METHOD

Eng­land in­ter­na­tional James Haskell ex­plains to why we should keep things sim­ple with our nu­tri­tional tar­gets

Belfast Telegraph - Weekend - - FOOD -

Pre­heat the grill to high. Place the ba­con on a tray and cook un­der the grill for seven to eight min­utes, or un­til cooked through.

Al­low it to cool be­fore slic­ing into strips, half a cen­time­tre thick, and set aside. Stir in the jalapeno chilli.

Crack the eggs into a bowl and sea­son with salt and pep­per.

Whisk the eggs well. Heat a fry­ing pan over a medium heat and add the but­ter. Pour the eggs into the pan and cook the omelette for two min­utes or un­til it has started to set on the bot­tom.

Now sprin­kle the ba­con and jalapeno over the omelette and top with the but­ter beans. Pop un­der the grill for 30 sec­onds.

Turn out onto a plate and serve im­me­di­ately.

An Eng­land flanker and all round rugby union tough guy, James Haskell is not one to keep his cards close to his mon­strously large chest. “I think the me­dia talk a load of c*** about di­ets and doctors don’t know a lot about nutrition,” he de­clares.

We’re dis­cussing his new book, Cook­ing For Fit­ness, which he co-wrote with chef Omar Meziane. In a mar­ket sat­u­rated with so-called su­per­foods and fad di­ets, Haskell aims to cut through the noise with a re­fresh­ingly straight­for­ward mes­sage: healthy eat­ing is sim­ple, and, yes, of course ev­ery­one can do it. ‘IT’S NOT ROCKET SCI­ENCE’ Lis­ten­ing to 33-year-old Haskell speak, it’s hard not to be swayed by his con­vic­tion. “Ev­ery time you go on­line and ask about diet, sud­denly there’s 17 dif­fer­ent ways to skin a cat. It’s just not the case. You just have to un­der­stand a few rules — calo­ries in, calo­ries out, and to look at your plate as a pie chart,” he says.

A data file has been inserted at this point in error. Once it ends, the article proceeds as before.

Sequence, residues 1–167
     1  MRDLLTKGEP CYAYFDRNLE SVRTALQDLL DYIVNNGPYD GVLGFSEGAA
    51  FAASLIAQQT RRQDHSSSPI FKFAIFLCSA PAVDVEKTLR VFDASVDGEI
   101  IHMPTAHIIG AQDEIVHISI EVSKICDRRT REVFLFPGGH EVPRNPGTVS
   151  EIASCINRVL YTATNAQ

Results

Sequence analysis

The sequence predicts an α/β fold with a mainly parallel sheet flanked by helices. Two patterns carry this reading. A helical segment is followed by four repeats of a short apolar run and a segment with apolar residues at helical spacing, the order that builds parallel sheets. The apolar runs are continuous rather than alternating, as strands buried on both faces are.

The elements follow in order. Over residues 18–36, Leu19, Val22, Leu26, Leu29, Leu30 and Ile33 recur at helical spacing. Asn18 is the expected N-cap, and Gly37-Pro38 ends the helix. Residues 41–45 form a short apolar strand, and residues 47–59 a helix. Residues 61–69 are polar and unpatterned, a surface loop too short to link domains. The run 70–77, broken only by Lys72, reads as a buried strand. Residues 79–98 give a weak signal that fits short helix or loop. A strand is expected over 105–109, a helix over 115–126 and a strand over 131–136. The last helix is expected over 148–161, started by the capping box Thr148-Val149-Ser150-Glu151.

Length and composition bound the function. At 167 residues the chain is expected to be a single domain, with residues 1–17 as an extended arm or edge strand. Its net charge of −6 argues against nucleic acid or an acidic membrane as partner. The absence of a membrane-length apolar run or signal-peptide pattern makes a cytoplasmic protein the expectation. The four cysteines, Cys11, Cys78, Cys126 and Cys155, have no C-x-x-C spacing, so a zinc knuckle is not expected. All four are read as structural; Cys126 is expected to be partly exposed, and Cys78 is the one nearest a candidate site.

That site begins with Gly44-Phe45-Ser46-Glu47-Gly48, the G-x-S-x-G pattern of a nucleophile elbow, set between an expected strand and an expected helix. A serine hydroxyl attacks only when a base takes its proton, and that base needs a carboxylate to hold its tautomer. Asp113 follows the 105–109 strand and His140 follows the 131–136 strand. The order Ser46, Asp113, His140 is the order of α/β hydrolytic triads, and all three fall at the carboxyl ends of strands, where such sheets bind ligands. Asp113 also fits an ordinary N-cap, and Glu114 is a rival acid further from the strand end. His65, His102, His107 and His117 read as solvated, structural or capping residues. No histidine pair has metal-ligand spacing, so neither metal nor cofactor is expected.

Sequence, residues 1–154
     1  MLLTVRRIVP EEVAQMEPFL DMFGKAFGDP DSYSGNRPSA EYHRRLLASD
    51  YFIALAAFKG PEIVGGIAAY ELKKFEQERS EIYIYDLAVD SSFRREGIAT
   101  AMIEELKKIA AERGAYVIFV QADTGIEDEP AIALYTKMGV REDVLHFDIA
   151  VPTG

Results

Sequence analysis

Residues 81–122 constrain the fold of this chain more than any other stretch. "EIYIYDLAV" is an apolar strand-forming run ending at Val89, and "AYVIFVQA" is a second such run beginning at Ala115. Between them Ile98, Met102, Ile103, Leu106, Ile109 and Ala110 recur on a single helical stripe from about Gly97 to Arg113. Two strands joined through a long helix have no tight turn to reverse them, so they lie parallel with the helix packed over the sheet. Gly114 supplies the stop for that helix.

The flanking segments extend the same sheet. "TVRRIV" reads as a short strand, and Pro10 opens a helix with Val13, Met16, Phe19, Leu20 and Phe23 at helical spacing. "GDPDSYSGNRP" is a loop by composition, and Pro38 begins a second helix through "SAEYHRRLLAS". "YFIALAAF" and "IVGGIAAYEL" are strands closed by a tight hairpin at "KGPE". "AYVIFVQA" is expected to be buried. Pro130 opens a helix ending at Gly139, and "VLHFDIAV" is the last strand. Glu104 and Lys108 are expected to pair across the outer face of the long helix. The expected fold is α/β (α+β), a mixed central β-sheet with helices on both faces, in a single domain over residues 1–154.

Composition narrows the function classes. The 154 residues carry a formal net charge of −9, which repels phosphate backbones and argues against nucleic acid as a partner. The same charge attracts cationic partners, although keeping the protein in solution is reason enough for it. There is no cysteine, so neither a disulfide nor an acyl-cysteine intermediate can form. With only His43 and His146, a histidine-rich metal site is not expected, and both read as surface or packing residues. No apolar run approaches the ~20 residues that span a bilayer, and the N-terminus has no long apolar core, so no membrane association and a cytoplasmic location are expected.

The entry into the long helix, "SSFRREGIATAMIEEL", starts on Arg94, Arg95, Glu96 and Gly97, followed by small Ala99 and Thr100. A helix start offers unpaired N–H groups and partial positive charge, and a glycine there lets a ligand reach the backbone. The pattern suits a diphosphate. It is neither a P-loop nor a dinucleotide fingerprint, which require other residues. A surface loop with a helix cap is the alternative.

Along­side sleep and hy­dra­tion, it is this ‘pie chart’ that sus­tains Haskell’s pun­ish­ing gym rou­tine and his fa­mously big hits on the rugby field. So what does a pie chart con­tain?

First, there’s the pro­tein. Se­cond is an en­ergy source. And thirdly, “de­cent fats and veg­eta­bles”. Three meals, three ba­sic food groups: in the gospel of Haskell, it needn’t be much more com­pli­cated than that.

Haskell has prac­tised eat­ing by num­bers for most of his ca­reer (3,800 calo­ries a day, to be ex­act), but he re­sists the temp­ta­tion to see food purely as fuel. “To get re­sults, there is go­ing to be a bit of sac­ri­fice, but that doesn’t mean you can’t en­joy your­self some­times,” he says. FLAVOURFUL FIT­NESS Cook­ing For Fit­ness con­tains not a speck of the aus­tere as­ceti­cism so com­mon in di­ets. It is filled with recipes that tickle the taste­buds just as much as the ten­dons.

“I’m an ab­so­lute foodie,” Haskell in­sists. “I love go­ing out to nice restau­rants, hav­ing nice wine and hav­ing nice food.”

Of his own recipes, Haskell’s favourites are his take on the full English break­fast — “Peo­ple think they can’t eat it and they miss it, but chang­ing it round makes it re­ally good” — and his spicy snack chilli nut trail mix.

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